NPR’s All Songs Considered Names Record One of Top 7 Best ..." />Darrin Bradbury Releases ‘Talking Dogs & Atom Bombs’ via ANTI- Records – The Hype Magazine

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Published on September 23rd, 2019 | by Guest Editor


Darrin Bradbury Releases ‘Talking Dogs & Atom Bombs’ via ANTI- Records

NPR’s All Songs Considered Names Record One of Top 7 Best New Albums

Known for blending dark humor with obvious-once-you-hear-them observations on everyday life, Darrin Bradbury’s songs are both funny and thought-provoking. Today, Bradbury is proud to share his anticipated new album Talking Dogs & Atom Bombs, his first for ANTI- Records. Produced by Kenneth Pattengale (The Milk Carton Kids), Talking Dogs & Atom Bombs is a collection of contemplative songs that were shaped by Bradbury’s own struggles with depression. Using his unique wit, Bradbury paints a lighthearted perspective on the pressures of life in America. He released two tracks from the album this week, including “The Trouble with Time”, a stunning duet featuring Grammy-nominated singer-songwriter and fellow Nashvillian Margo Price, and “This Too Shall Pass” via BillboardNPR Music’s All Songs Considered also recognized “This Too Shall Pass” this morning, when they featured the single and named the album one of the Top 7 Albums Out on September 20; journalist Ann Powers noted that the track, “has my favorite line of the year” while Robin Hilton commented, “There is really a lot of wisdom in these songs. He has a worldview that, on this whole record, I really identified with.” Bradbury announced new U.S. tour dates this week supporting Cory Branan, following October dates with John Moreland; in late November, he will embark on his first European tour in support of Jarrod Dickenson. Talking Dogs & Atoms Bombs is available today, click here to purchase or stream.

In addition to Billboard and NPR, Talking Dogs & Atom Bombs has garnered national praise from a multitude of outlets that include Rolling Stone CountryNo DepressionWide Open CountryAmerican Songwriter and The Bluegrass Situation; regionally, Bradbury has been the subject of stories in Nashville Scene and The East Nashvillian, and was recently hailed by critics at Sounds Like Nashville.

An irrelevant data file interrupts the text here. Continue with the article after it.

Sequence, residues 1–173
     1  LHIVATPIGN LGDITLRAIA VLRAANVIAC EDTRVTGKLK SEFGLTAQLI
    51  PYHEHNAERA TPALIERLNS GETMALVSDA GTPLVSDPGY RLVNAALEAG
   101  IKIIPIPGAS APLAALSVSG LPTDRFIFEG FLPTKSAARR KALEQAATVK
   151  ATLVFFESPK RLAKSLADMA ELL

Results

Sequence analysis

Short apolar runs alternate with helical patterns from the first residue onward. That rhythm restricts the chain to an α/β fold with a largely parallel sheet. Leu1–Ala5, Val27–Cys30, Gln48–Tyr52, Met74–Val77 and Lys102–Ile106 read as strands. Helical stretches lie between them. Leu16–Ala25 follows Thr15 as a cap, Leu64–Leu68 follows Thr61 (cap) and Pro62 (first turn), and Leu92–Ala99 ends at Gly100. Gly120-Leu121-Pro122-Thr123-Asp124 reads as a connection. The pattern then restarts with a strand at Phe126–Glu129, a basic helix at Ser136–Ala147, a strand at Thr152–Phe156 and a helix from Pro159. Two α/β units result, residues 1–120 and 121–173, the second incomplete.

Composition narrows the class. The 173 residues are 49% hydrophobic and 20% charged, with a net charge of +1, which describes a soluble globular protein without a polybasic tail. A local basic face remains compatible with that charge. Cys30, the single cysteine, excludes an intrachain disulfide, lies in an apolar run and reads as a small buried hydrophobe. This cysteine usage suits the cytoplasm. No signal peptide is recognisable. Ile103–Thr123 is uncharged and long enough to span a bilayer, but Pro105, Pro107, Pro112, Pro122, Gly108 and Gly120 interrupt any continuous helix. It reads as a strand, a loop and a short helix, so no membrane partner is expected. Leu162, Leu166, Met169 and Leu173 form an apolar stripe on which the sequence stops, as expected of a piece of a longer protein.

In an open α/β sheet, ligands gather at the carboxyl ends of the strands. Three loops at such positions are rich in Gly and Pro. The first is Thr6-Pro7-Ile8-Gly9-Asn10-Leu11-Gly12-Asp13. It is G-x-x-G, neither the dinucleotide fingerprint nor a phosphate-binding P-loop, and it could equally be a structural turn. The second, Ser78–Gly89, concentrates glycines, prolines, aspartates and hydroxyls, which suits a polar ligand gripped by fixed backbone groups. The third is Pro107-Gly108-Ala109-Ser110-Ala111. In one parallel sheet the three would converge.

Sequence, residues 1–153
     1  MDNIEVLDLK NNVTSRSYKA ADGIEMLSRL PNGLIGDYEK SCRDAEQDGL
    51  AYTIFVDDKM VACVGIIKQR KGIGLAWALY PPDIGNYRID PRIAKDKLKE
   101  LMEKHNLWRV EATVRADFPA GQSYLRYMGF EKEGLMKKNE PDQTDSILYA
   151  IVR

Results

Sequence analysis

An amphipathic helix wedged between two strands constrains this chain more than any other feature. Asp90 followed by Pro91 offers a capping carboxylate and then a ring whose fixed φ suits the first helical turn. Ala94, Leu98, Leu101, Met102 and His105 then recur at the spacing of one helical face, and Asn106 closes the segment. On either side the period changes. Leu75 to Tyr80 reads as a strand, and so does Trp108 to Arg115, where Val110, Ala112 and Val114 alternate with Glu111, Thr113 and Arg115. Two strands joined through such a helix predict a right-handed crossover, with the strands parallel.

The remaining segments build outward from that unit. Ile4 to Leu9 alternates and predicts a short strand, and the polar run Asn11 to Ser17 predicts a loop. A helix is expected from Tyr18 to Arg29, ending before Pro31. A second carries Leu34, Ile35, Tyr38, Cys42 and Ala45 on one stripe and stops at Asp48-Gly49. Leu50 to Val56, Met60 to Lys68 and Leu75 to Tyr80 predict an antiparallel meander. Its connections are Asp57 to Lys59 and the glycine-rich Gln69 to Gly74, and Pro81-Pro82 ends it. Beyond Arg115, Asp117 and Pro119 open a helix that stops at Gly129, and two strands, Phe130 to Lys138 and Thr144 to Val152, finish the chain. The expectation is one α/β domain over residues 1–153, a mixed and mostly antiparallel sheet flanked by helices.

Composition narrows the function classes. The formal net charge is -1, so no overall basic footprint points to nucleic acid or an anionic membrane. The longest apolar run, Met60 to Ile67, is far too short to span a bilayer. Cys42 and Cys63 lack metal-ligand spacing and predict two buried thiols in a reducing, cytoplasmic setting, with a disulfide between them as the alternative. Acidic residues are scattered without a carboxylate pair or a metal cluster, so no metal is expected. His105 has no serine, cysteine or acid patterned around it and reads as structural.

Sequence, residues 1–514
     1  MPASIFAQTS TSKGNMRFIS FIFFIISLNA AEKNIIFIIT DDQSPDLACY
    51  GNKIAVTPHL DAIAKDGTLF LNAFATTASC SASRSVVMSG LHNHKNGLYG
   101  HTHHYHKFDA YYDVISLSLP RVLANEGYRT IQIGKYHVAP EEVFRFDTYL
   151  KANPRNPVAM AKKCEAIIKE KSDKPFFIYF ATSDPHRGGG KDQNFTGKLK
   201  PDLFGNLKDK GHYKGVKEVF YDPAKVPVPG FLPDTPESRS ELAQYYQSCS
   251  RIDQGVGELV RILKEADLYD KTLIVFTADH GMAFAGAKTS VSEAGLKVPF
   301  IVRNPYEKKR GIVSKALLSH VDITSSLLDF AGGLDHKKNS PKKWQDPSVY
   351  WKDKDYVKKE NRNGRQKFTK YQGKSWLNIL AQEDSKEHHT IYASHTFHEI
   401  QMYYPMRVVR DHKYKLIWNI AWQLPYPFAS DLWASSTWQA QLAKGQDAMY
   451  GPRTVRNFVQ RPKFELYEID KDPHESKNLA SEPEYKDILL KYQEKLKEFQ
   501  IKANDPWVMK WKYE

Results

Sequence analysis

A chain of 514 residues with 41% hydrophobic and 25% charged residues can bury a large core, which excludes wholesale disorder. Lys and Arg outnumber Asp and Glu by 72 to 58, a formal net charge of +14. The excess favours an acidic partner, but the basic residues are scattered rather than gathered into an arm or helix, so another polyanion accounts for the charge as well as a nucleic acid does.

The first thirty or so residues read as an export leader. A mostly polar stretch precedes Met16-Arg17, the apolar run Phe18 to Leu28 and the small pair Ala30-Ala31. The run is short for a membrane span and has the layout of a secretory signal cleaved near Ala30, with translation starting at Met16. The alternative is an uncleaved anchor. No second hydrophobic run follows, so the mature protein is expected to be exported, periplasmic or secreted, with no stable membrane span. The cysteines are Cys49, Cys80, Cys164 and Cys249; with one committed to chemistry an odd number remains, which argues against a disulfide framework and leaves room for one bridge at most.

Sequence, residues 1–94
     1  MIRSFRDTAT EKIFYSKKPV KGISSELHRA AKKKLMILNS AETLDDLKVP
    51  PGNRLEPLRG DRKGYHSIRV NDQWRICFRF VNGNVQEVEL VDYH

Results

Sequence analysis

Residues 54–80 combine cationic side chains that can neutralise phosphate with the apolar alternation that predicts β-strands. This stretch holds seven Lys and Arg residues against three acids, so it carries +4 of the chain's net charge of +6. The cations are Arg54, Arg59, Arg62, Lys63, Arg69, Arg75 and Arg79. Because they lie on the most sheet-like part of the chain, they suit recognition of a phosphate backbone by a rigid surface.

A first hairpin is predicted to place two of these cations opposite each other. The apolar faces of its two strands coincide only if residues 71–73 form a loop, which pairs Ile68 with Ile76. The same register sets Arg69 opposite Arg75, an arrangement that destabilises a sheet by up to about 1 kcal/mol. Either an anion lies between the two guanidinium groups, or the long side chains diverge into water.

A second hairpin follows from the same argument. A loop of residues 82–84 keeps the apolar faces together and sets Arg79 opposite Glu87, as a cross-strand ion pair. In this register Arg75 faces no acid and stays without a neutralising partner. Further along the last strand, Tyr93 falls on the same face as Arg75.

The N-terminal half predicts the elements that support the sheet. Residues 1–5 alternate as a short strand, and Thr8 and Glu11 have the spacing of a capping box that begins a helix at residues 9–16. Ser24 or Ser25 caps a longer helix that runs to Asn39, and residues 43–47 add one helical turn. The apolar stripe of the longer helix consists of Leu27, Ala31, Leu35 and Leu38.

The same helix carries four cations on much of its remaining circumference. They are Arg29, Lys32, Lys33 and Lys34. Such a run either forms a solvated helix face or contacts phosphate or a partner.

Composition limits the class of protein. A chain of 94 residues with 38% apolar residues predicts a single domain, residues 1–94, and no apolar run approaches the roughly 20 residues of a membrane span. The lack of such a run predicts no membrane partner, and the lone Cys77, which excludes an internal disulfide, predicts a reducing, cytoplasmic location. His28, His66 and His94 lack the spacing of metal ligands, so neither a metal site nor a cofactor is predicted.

“His caustic reflections are delivered with dark humor: He makes everyday life funny, and he makes you smile with the weirder scenarios he brings to life.”

– NPR Music


“A sharp-witted satirist, he finds ways to bend real-life circumstances into occasional sensational narratives with their own dark underbelly.”

– Billboard


“Darrin Bradbury spins magic, both dark and light, out of the mundane…

Talking Dogs & Atom Bombs almost never acquiesces to hopelessness without finding some little twist of humor or moment of wonder to relish.”

– No Depression


“Bradbury’s catalog is built with memorable songs that deal with

the humor and heartache of modern American life.”

– American Songwriter


“Fans of John Prine, Steve Goodman and other lyricists who’re as quick-witted as they are hilarious will find a kinship with Bradbury.”

– Wide Open Country

A self-described folk satirist, Talking Dogs & Atom Bombs highlights Bradbury’s natural gift for storytelling; Bradbury enlisted the help of only one other writer for the entire album—ANTI- label-mate, friend, and fellow esteemed Nashville musician, Jeremy Ivey. The tracking of Talking Dogs & Atom Bombs was completed in a similarly simple way; using the same combo of musicians for every song on the record. Aside from producer Pattengale’s mellotron and vocal contributions and the aforementioned Ivey’s bass and piano playing, only two extra musicians were called to round out the band; Alex Muñoz on additional guitars and Dillon Napier on drums.